Cysteinyl leukotriene type I receptor desensitization sustains Ca2+-dependent gene expression.
Ng S-W., Bakowski D., Nelson C., Mehta R., Almeyda R., Bates G., Parekh AB.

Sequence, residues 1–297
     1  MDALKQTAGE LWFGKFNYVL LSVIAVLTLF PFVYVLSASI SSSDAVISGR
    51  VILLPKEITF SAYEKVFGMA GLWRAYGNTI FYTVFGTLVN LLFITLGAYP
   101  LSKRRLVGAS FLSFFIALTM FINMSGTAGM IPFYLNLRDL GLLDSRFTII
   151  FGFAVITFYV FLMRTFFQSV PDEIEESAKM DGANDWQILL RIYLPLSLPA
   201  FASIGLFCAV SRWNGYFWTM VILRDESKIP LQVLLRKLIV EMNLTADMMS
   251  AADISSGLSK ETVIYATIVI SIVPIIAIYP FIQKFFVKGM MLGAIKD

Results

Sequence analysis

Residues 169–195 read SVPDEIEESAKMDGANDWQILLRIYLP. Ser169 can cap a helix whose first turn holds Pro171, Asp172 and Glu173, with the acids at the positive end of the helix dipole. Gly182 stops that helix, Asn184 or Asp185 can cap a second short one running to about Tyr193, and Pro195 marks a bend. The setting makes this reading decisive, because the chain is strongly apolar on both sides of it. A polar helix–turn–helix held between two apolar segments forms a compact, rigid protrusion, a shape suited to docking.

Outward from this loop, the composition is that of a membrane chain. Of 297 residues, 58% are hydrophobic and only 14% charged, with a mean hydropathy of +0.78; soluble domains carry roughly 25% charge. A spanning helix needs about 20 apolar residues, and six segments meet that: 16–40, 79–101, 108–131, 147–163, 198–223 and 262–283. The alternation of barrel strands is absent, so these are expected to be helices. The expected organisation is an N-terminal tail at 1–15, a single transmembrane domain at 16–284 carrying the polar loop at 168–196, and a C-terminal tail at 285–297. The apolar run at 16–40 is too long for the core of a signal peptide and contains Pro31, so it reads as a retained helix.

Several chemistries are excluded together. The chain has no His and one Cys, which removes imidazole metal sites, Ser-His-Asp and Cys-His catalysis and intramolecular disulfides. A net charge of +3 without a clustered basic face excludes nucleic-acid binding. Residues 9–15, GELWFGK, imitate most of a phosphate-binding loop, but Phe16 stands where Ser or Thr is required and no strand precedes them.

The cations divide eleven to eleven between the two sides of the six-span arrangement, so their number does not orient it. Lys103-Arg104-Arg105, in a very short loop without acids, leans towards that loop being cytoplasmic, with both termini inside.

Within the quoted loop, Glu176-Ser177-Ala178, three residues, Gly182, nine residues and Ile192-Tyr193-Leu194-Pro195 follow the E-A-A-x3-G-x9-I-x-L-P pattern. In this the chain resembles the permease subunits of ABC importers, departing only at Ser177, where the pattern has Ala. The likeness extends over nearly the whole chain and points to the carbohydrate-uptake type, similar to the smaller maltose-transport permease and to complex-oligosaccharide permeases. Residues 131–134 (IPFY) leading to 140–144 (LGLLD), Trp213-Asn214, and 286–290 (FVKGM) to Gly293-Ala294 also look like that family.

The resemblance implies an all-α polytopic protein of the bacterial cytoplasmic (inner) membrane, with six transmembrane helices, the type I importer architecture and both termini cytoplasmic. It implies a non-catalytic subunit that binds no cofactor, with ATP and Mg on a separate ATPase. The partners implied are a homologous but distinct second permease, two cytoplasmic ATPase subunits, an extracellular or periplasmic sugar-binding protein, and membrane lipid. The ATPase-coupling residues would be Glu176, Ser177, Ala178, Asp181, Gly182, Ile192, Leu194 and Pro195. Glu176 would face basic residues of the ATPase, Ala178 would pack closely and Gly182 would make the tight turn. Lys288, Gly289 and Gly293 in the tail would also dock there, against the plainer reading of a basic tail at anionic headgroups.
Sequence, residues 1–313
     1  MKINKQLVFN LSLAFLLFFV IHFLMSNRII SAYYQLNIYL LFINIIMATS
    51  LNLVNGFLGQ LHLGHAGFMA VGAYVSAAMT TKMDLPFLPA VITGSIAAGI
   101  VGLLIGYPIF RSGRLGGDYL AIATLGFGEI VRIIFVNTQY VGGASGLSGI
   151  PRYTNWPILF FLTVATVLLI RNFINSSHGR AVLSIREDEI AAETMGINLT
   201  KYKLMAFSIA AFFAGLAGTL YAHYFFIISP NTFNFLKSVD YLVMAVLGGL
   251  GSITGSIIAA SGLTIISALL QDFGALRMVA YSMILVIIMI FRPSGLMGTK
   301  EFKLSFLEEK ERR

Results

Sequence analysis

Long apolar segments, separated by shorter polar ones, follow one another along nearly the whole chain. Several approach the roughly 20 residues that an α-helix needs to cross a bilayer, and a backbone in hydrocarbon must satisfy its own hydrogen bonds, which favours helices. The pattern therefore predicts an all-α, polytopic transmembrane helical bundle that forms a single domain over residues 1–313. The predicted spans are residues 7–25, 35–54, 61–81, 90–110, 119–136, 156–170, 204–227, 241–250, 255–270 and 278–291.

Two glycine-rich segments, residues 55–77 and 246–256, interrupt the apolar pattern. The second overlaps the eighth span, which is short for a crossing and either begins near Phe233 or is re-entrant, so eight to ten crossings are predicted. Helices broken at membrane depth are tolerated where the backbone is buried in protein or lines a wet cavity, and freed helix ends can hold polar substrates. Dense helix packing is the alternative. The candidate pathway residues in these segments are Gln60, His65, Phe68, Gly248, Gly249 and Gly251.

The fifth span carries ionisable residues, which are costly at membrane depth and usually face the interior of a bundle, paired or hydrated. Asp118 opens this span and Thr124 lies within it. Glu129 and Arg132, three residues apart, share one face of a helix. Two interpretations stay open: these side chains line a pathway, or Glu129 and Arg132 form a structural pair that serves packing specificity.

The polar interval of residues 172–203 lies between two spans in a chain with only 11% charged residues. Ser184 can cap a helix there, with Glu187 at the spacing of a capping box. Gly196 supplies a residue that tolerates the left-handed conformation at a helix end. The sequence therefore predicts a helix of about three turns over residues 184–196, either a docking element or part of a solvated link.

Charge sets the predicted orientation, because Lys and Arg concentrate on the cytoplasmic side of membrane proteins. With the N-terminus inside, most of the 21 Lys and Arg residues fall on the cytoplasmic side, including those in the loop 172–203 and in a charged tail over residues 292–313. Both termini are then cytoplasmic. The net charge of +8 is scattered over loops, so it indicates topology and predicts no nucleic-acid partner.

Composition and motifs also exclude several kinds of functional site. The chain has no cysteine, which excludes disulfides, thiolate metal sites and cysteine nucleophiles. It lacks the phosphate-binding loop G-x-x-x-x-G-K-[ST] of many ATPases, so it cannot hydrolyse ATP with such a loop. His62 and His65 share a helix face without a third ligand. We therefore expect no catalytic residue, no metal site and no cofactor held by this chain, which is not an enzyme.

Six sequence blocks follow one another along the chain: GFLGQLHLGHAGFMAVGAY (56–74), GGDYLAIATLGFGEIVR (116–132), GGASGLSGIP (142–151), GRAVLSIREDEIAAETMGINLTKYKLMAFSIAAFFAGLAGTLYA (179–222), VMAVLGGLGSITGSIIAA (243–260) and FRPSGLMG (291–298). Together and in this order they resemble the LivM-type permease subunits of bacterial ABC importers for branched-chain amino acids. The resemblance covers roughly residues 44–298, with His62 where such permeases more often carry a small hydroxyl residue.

Receptor desensitization is a universal mechanism to turn off a biological response; in this process, the ability of a physiological trigger to activate a cell is lost despite the continued presence of the stimulus. Receptor desensitization of G-protein-coupled receptors involves uncoupling of the receptor from its G-protein or second-messenger pathway followed by receptor internalization. G-protein-coupled cysteinyl leukotriene type I (CysLT1) receptors regulate immune-cell function and CysLT1 receptors are an established therapeutic target for allergies, including asthma. Desensitization of CysLT1 receptors arises predominantly from protein-kinase-C-dependent phosphorylation of three serine residues in the receptor carboxy terminus. Physiological concentrations of the receptor agonist leukotriene C(4) (LTC(4)) evoke repetitive cytoplasmic Ca(2+) oscillations, reflecting regenerative Ca(2+) release from stores, which is sustained by Ca(2+) entry through store-operated calcium-release-activated calcium (CRAC) channels. CRAC channels are tightly linked to expression of the transcription factor c-fos, a regulator of numerous genes important to cell growth and development. Here we show that abolishing leukotriene receptor desensitization suppresses agonist-driven gene expression in a rat cell line. Mechanistically, stimulation of non-desensitizing receptors evoked prolonged inositol-trisphosphate-mediated Ca(2+) release, which led to accelerated Ca(2+)-dependent slow inactivation of CRAC channels and a subsequent loss of excitation-transcription coupling. Hence, rather than serving to turn off a biological response, reversible desensitization of a Ca(2+) mobilizing receptor acts as an 'on' switch, sustaining long-term signalling in the immune system.